Hollow ring to outcry over toll

LOOKING back on the history of harbour crossings in Hongkong, it is difficult to understand the present outcry over the proposed $30 fee for passenger cars to use the Western Harbour Tunnel.

In 1972, when the first tunnel - operated by the Cross Harbour Tunnel Co - was opened, the toll for passenger cars was set at $5.

If that toll had been allowed to keep pace with inflation - that is, indexed for inflation - over the intervening 20 years, passenger car drivers using the tunnel now should be paying around $28 per crossing.

That is not too far away from the projected toll for the Western Harbour Crossing at $30 a car when it is due to open in 1997.

Furthermore, extrapolating out the $28 figure, to 1997 using an average 10 per cent inflation figure, the Cross Harbour Tunnel toll by that date would theoretically be about $45.

That suggests that future users of the Western Harbour Crossing will be getting a bargain at $30 a car, when inflation is taken into account.

As the Government has rightly pointed out, even this toll of $30 in 1997 dollars is only equivalent to $20 in today's currency - after allowing for inflation.

Of course, even the projections from 1972, using the original $5 toll, fail to take into account the additional $5 tax introduced by the Government in June 1984 for the Cross Harbour Tunnel.

If that tax is included in the calculation - assuming the tax also increased with inflation, and using a $5 toll from 1972 to 1984 and a $10 toll thereafter - motorists would be looking at a $37 toll per car today, if the overall charge had risen with inflation.

Moreover, if this indexation is carried through to 1997 - again, using an average 10 per cent inflation - then motorists would be looking at a theoretical $60 toll for the Cross Harbour Tunnel.

That is double the 1997 dollars toll proposed for the new Western Harbour Crossing. This again suggests that future users will be getting a bargain.

Of course, the effective ''economies of scale'' of the Cross Harbour Tunnel have changed dramatically over the intervening years.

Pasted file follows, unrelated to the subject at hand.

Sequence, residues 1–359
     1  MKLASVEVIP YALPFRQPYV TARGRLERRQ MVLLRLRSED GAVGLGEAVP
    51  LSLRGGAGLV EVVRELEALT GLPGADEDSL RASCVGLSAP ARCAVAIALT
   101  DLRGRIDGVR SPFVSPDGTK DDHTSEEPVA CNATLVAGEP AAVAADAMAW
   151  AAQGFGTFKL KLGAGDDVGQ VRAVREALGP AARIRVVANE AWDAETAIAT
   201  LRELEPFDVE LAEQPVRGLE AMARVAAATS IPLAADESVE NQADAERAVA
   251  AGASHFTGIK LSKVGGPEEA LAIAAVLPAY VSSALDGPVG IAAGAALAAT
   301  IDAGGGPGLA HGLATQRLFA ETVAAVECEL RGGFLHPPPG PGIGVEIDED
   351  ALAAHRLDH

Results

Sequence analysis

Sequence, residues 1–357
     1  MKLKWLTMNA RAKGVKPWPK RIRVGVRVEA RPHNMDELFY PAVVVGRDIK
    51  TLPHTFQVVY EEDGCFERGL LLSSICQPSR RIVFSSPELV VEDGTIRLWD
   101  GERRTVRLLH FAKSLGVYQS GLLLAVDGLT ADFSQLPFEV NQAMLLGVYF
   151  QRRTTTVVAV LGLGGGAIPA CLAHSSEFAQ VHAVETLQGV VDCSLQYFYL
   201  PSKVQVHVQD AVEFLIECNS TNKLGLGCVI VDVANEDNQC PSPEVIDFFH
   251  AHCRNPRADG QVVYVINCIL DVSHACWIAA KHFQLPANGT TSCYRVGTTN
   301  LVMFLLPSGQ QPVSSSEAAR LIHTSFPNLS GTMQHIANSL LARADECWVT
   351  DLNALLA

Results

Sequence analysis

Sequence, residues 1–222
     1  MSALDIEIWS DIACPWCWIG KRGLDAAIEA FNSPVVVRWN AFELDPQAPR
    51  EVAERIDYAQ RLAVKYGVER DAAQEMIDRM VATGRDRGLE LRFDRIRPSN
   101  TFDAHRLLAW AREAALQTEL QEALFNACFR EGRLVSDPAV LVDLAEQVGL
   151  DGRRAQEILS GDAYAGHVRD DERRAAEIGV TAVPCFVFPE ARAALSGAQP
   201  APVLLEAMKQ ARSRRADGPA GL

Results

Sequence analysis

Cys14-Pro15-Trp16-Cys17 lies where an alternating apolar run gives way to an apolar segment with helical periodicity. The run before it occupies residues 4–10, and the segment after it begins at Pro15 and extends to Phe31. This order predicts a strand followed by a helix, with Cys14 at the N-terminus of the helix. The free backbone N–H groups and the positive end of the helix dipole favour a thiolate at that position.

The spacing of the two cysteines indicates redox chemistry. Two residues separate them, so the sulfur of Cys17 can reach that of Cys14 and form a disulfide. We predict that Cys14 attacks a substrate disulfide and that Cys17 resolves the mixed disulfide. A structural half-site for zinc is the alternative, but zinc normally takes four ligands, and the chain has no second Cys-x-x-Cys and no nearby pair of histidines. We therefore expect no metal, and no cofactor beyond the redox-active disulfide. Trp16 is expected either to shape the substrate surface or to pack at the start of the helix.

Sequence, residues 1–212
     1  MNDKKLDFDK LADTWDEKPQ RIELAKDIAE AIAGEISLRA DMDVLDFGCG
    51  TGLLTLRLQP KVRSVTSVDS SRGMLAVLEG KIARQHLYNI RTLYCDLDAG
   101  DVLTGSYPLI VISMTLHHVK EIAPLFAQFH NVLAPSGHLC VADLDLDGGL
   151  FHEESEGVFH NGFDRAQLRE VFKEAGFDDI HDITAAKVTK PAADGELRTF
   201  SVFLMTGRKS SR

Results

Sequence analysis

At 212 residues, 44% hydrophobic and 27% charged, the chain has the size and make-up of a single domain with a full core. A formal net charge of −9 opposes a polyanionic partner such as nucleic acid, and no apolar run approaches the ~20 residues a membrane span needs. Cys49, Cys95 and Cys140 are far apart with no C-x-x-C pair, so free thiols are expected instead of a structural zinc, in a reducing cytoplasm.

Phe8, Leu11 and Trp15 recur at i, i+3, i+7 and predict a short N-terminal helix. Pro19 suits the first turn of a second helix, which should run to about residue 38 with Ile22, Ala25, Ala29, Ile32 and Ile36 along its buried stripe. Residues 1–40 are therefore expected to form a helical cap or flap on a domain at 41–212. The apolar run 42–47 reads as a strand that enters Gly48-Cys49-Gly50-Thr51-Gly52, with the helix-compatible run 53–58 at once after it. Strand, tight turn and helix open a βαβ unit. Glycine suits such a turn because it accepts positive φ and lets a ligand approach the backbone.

What makes the tunnel viable for the operators at $5 per car, or $10 including the tax, is the volume of cars using the facility.

Without that increase in volume of cars, the tolls being charged for all vehicles would have had to be raised years ago, although not in line with the rate of inflation.

Over the same period, too, the cost of construction, and financing, of tunnels has gone up considerably.

It is, therefore, understandable that both the future operators of the Western Harbour Crossing and the Government have had to look to a $30 toll for each to use the tunnel in 1997.

This is especially the case if - as with the Cross Harbour Tunnel and the new Eastern Harbour Tunnel - it took some years for the volume of traffic to build up to a viable level.

To be sure, the Eastern Harbour Tunnel volume took a far shorter time to increase than did the volume in the Cross Harbour Tunnel.

But there are no guarantees for the future builders and operators of the Western Harbour Crossing that the traffic will build up at the same, or better, rate than for the two other tunnels.

Economists, analysts and traffic planners can do the most meticulous studies they like in an attempt to predict the likely traffic flow through the tunnel and the likely revenue raised, but no one can predict the state of economy at the time of the opening.